Last year a British scientist wrote a paper which suggested that a
single strand of RNA, if attached to a solid, eg clay, could take on
a conformation capable of simply trapping amino acids to form a
peptide. (Origins of Life & Evolution of the Biosphere, Vol 23, p261).
The RNA forms clefts bordered by three bases, which determine the
3D configuration of the clefts, and hence which amino acids could
be trapped. The 64 possible combinations all matched those in the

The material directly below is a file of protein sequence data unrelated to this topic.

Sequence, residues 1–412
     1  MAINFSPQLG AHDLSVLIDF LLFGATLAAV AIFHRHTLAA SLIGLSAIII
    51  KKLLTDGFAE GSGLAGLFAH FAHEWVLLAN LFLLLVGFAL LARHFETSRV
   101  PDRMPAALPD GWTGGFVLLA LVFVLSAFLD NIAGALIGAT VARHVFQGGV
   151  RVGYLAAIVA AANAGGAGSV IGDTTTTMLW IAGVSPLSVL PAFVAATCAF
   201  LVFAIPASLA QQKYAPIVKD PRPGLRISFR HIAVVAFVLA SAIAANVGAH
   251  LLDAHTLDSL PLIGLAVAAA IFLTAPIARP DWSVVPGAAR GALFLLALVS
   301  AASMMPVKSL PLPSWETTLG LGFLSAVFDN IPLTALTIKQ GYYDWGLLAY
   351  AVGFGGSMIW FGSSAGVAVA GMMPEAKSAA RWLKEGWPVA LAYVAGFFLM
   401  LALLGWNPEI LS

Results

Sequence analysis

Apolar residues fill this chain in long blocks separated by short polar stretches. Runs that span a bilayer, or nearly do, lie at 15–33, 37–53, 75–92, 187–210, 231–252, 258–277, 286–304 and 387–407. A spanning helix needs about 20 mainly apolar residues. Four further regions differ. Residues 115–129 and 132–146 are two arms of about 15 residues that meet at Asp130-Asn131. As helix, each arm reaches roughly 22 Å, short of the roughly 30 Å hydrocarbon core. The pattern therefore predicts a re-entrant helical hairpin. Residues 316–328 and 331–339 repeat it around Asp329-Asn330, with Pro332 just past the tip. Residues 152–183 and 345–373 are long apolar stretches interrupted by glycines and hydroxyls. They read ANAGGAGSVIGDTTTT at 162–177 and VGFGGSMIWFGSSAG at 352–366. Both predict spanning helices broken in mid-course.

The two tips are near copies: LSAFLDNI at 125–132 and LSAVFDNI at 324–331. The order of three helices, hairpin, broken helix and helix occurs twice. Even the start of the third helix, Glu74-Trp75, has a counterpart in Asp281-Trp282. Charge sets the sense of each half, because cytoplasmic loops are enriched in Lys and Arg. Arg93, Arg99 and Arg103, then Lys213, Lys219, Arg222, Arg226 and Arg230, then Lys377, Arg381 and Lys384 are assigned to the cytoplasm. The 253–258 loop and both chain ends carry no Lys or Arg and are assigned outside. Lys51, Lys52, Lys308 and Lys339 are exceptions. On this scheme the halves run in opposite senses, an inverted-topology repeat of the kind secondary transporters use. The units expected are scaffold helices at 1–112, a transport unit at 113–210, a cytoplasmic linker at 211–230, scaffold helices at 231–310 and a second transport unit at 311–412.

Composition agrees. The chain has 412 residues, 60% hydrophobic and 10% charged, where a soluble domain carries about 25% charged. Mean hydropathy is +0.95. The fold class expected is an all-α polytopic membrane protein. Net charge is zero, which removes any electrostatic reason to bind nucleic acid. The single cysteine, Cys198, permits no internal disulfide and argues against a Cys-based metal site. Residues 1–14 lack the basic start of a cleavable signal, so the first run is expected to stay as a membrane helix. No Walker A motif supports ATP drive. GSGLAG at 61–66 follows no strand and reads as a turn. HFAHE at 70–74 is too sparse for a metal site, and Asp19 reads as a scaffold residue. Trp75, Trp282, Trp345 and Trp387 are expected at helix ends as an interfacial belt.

present genetic code, including the start and stop codes.
If true, the theory might show a possible origin of
the genetic code and its rules, eg 3 bases, non-overlapping.
I wrote about the theory in New Scientist (Oct 2nd, 1993, UK)
and Natural History magazine (USA) gave it a couple of pages
in the June 1994 issue. I am keen to find out if anyone is testing
this theory, and if so, would they be prepared to talk to me
about their work? What do people think about this?
I have checked the archives for this group and can find
no reference to this paper.
Over to you.
franklin at easynet.co.uk